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Art Rock vs. Prog Rock

Jerry Lucky Commentary January 2011

Copyright Jerry Lucky © 2011 All Rights Reserved

 

When I first started researching the Progressive Rock Files I noticed there was some confusion over the terms

Art Rock and Progressive Rock. Some said that the former was more of an American descriptive while the later more British.

I never really found much credence in that explanation. But as I dug into it more there was no question in my mind that there

was a distinct difference between these two musical styles. So much so that I intentionally gave them separate space in my book.

And yet, as is the case with labels, the confusion persists. So let me try to help provide a differentiation. At least as I see it.

 

If you’ve read my scribbling over the years you will no doubt have seen that I identify bands such as 10CC, Roxy Music, Split Enz, Electric Light Orchestra, Supertramp and others such as those as falling more under the Art Rock side of things. While many of the others such as the big six falling clearly into the Progressive Rock side of the equation. There is no question that this a bit of a fluid demarcation and that at times any one of the bands mentioned may cross over the line any number of times. Still I feel there is reason for the differentiation.

 

Now the first thing one notices is that there are some on the Art Rock side who are not afraid to experiment with time and tempo such as Split Enz. And then there are others hardly afraid to experiment with instrumentation and complex arrangements such as 10CC. And still others like Supertramp who regularly crafted long and expansive epics. And yet if you listen to any of these fine bands you clearly hear a fundamental difference in their music from the music created by Genesis, King Crimson, or Yes. By the same token these three bands certainly produced more than their fare share of more mainstream, one could say arty musical pieces. So what is it that identifies the divide?

 

I think one of the first things we can see is that each of the Art Rock bands listed and many others who might fall into that category were first and foremost writing more straight forward songs. The songs may have been long or they may have been complex to a point, or they may have been multi-sectional, but they were first and most importantly songs where each part might well have stood on its own. They may have been linked together to tell a story but they were more individual pieces than not. That’s not something we can say about something like “Close to the Edge” or even “Suppers Ready” which was also bits assembled together. In “Suppers Ready” the bits couldn’t easily stand on their own. So that’s one thing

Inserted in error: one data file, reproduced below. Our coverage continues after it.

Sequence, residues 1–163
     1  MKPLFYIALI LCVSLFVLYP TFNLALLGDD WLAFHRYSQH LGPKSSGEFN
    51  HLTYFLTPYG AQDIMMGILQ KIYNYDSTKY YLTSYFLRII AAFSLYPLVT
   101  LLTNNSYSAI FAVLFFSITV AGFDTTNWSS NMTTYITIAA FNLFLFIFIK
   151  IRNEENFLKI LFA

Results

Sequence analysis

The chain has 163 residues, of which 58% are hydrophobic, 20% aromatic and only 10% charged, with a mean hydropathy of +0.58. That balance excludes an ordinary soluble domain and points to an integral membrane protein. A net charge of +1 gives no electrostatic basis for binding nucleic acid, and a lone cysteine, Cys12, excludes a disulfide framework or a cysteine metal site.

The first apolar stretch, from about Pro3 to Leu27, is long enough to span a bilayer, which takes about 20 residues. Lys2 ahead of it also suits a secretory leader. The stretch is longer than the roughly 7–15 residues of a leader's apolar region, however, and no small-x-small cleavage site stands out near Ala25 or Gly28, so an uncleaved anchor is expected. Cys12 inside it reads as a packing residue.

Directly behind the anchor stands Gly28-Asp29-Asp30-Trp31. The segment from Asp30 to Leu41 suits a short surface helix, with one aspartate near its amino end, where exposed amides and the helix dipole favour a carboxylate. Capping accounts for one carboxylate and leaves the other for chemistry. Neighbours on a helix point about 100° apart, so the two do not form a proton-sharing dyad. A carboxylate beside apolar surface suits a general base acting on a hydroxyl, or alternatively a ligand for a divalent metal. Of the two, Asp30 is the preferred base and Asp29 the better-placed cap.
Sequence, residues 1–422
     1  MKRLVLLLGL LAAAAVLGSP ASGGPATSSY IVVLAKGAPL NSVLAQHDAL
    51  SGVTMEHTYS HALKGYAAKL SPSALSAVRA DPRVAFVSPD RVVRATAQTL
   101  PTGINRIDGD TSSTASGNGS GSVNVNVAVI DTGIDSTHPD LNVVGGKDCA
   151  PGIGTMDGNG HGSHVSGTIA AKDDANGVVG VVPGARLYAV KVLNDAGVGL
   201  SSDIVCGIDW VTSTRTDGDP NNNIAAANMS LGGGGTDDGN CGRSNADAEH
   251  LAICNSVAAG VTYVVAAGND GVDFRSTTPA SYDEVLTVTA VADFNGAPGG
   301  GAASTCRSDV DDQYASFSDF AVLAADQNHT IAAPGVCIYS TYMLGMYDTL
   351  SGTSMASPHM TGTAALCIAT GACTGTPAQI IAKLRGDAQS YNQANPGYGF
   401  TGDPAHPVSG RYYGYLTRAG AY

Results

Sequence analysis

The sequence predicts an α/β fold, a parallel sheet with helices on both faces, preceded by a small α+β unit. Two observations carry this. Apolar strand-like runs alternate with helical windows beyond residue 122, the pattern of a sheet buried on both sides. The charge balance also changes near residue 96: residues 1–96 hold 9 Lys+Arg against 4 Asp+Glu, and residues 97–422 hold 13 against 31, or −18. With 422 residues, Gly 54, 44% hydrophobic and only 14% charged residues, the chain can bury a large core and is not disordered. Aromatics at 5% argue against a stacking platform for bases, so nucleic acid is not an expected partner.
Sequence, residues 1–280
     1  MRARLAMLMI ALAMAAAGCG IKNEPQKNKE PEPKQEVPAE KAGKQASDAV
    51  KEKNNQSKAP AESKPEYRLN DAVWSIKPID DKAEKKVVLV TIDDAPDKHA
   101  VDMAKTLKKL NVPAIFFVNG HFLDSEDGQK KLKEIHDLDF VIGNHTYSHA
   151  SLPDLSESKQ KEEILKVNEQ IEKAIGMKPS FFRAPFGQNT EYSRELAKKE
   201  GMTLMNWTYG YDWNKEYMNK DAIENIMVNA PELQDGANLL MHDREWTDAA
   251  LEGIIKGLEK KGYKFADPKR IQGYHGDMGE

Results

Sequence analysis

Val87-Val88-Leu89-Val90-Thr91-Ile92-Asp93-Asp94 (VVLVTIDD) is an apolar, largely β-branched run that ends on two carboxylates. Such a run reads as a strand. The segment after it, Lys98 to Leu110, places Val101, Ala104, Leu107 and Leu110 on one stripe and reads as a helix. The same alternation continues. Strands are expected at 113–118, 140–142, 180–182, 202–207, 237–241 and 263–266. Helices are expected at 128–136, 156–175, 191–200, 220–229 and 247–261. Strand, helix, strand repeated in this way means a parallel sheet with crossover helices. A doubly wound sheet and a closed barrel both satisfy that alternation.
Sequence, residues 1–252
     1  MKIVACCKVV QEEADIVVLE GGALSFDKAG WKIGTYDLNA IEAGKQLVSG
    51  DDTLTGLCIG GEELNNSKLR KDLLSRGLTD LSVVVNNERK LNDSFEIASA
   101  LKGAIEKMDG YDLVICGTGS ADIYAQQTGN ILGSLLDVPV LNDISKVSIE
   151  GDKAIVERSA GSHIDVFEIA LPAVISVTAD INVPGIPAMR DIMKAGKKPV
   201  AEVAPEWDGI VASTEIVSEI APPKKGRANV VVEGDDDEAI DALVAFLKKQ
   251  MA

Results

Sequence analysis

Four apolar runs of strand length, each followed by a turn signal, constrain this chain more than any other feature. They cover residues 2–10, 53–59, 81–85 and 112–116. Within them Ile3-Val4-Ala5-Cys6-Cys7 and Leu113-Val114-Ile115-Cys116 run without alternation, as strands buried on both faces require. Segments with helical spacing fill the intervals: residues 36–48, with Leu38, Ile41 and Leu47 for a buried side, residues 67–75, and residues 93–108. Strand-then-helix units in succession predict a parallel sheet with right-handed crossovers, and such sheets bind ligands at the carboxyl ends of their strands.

Another thing we can look to is the very upbeat, major chord approach taken by these groups. There many have been portions where things took a minor key turn for emphasis but it was only for that reason; emphasis. Unlike a King Crimson that could create something all doomy and gloomy or mystery laden, Roxy Music, or Split Enz would avoid that overriding sense of mystery and pursue a smoother melodic approach.

 

Oh and speaking of melody, this is yet another key ingredient in the Art Rock cadre of compositional tools. Not that prog bands avoided melody, far from it, it’s just that the melody line used by the Art Rockers was more straight forward and tended to form the core of the song. For those on the more Progressive Rock side the melody was more complex and strung out; even elusive at times. There may even have been multiple melodies going simultaneously. Try humming something from “Close to the Edge” and you see what I mean. If anything you tend to hum just a part of the song, while in an Art Rock setting you’ll very likely be humming the core melody of the whole song. It may even include humming the title of the piece. And that may be your biggest clue in identifying a musical style.

 

Another aspect to Art Rock, that isn’t as prevalent in Progressive Rock is an element of quirkiness. Quirky in a fun or uplifting tone. Art Rock might be identified as a little more fun, while Progressive Rock could easily be labelled more serious. Not that there wasn’t a crossing of the line, but fundamentally I think this holds true for each side.

 

In the end I enjoy both. Each of these musical approaches provides a different kind of listening pleasure and I’m happy that they both continue to exist. At least that’s what I think.

 

Jerry Lucky (1/1/11)